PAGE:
Takhis stay in harem groups with a strict hierarchy, dependent on age and relationship of the individual horses.
In strictly scientific terms, the Takhi is a distinct species due to its 66-chromosome count; all other horses have 64 chromosomes.
"Takhi" means "spirit" or "spiritual" in Mongolian and the species is a symbol of their national heritage.
In 1945 there were only 12 breeding takhi in the world.
Called Equus Przewalski, after the Polish explorer, takhi is considered the world's only genuine wild horse.
The takhi has the figure of a compact, small domestic horse with a strong neck and heavy limbs.
Typical height is about 1.32m, length is about 2.1m with a 90 cm tail.
They weigh around 300kg.
The coat is similar to dun colour in domestic horses. It varies from dark brown around the mane (which stands erect) to pale brown on the flanks and yellowish-white on the belly.
From the grassy plains of ancient Mongolia, the takhi retreated into increasingly barren areas, eventually finding refuge around springs in the outskirts of the inhospitable Gobi desert, where the last takhi sightings were recorded in 1969. Hunting and competition for grazing lands seemed to have sealed the fate of this horse as it was declared extinct in the 1960s.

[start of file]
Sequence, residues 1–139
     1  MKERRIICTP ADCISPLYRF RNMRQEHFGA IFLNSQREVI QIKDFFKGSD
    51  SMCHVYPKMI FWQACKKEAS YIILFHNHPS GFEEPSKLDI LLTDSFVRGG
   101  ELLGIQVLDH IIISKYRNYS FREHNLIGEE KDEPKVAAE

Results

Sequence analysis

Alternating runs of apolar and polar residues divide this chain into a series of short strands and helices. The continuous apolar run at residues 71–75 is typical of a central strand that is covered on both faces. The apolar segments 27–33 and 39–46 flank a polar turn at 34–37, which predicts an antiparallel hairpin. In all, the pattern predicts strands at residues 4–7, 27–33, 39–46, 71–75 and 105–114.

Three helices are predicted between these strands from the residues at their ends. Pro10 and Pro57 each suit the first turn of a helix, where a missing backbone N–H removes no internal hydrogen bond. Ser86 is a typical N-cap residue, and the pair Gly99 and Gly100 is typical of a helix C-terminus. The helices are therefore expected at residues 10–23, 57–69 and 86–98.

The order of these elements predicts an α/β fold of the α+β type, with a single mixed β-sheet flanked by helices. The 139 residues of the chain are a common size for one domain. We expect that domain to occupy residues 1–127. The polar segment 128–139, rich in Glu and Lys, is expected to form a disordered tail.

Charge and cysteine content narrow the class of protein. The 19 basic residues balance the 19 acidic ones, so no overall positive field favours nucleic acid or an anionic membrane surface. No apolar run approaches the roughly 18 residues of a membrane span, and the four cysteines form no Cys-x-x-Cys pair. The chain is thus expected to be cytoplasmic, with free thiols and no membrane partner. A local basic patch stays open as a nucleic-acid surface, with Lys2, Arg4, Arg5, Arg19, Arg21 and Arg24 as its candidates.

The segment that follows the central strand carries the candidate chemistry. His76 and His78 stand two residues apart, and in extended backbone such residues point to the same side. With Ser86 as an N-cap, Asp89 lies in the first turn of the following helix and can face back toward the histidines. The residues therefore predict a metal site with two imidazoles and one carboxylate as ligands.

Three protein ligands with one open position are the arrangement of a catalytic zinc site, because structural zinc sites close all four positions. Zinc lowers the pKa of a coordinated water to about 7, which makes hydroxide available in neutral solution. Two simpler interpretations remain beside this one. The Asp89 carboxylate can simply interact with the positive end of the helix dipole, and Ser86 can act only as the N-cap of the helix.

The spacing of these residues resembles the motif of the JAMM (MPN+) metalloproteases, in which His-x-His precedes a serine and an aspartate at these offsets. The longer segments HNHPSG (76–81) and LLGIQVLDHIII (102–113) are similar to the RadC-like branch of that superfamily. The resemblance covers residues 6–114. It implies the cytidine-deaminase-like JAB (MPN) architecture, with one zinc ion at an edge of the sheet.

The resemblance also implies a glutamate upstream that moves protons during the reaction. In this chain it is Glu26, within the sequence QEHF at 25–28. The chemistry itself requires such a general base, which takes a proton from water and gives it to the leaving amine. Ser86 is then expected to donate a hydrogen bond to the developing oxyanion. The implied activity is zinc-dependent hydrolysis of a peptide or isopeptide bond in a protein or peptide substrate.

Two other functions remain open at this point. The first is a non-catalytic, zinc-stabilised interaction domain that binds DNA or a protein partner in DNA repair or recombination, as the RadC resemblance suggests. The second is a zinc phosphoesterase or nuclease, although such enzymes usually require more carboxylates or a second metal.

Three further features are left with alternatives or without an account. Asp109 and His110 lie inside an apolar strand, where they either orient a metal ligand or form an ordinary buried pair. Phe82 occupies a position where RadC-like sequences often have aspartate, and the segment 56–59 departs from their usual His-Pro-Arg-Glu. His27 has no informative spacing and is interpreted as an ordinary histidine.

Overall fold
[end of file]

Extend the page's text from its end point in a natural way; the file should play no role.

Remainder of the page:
Conservation programmes at zoos saved the takhi from dying out altogether. All of the takhi in the wild today are descended from 12 that were caught around 1900.
The 2 largest of the 4 breeding programs are the Species Survival Plan (SSP) in North America, which has about 190 takhi in 21 zoos including the NZP's Conservation and Research Center at Front Royal, Virginia, and the European equivalent (EEP), which has about 600 takhi in 16 countries.
The 2 other breeding programmes are in Holland and Australia. A dozen animals were airlifted from Holland and the Ukraine in one of the most ambitious horse projects ever attempted.
Przewalski's horse or Mongolian wild horse (Equus ferus przewalski).